About Racetracks IN Indiana

Indiana’s racing history runs deep at the racetrack. In addition to Indianapolis Motor Speedway, the state has a host of historic racing ovals. Many of Indiana’s tracks gained popularity in the late ’40s and ’50s after the war. Some of these tracks became known for their banked construction, like the 1957 Tri-State Speedway in the southwestern Indiana town of Haubstadt, and the paved 1947 Salem Speedway.

With its 37-degree banking, the asphalt Winchester Speedway is one of the steepest ovals, fueling its reputation as “The World’s Fastest Half Mile.” It started hosting auto races as early as 1916 and gained a national reputation after World War II.

The Indiana State Fairgrounds one-mile oval hosted the first Hoosier Hundred sprint car race in 1950. The Terre Haute Action Track, a half-mile clay oval in western Indiana has also hosted races for nearly 75 years.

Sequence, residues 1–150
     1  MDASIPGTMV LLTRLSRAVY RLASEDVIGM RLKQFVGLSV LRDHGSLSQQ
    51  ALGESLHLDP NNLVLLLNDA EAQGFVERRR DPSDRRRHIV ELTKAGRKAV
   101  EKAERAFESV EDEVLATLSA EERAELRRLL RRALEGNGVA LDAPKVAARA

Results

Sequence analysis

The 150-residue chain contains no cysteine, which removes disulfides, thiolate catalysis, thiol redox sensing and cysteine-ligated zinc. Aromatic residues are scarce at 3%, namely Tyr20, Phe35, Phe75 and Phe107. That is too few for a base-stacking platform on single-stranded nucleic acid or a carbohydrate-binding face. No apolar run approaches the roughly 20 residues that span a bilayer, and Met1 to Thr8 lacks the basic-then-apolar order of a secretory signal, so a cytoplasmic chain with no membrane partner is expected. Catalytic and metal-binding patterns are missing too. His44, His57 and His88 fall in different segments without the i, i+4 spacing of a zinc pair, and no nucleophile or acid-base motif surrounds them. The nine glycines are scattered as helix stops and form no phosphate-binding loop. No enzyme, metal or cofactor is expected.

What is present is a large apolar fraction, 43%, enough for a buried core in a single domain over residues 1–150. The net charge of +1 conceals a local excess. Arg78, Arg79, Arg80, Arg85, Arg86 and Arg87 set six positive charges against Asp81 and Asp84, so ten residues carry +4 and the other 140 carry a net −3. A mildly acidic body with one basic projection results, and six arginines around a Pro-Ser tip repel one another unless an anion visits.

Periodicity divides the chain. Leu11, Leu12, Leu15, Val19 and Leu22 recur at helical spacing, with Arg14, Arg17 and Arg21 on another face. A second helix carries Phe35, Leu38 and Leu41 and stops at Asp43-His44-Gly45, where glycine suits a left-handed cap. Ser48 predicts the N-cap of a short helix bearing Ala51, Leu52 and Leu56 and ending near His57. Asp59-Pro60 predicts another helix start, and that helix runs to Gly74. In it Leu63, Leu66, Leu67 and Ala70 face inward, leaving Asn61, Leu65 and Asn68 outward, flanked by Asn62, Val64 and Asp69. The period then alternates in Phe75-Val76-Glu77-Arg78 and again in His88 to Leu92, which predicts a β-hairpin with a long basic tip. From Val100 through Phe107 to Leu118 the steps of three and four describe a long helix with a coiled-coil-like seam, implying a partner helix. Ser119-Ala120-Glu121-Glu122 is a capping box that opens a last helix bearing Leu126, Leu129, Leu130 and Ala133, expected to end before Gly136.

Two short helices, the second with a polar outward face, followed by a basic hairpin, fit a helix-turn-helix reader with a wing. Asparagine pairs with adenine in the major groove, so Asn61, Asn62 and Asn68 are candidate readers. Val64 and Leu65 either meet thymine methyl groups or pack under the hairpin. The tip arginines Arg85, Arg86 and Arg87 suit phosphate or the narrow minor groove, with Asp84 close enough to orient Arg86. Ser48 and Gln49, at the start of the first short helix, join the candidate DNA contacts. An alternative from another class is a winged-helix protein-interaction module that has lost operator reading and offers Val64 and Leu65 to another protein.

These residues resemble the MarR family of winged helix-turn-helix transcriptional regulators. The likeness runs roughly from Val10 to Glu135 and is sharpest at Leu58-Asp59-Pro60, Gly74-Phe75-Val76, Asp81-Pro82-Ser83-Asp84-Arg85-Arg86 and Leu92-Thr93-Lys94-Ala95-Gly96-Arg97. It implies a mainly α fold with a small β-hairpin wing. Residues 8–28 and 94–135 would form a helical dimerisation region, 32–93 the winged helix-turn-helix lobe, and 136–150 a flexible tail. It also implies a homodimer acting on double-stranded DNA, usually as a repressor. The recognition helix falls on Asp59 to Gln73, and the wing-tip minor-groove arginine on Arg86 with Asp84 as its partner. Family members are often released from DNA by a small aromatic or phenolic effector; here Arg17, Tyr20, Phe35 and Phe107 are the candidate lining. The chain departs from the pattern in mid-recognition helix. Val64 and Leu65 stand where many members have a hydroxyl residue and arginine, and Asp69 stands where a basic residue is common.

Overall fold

Most Indiana tracks have maintained their historic footprint while grandstands and public spaces have been modernized. The 1926 Jungle Park Speedway retains a few remnants but is most easily recognized by the historic marker that stands where the racetrack once was. The track was notoriously dangerous and closed in 1960. 

As racing season in Indiana sees the green flag in the spring, fans are encouraged to find a race and check out these historic tracks. There are events almost every weekend from sprint and midget cars to younger racers in go-karts and ever-popular demolition derbies. There is something for every type of race fan to enjoy.


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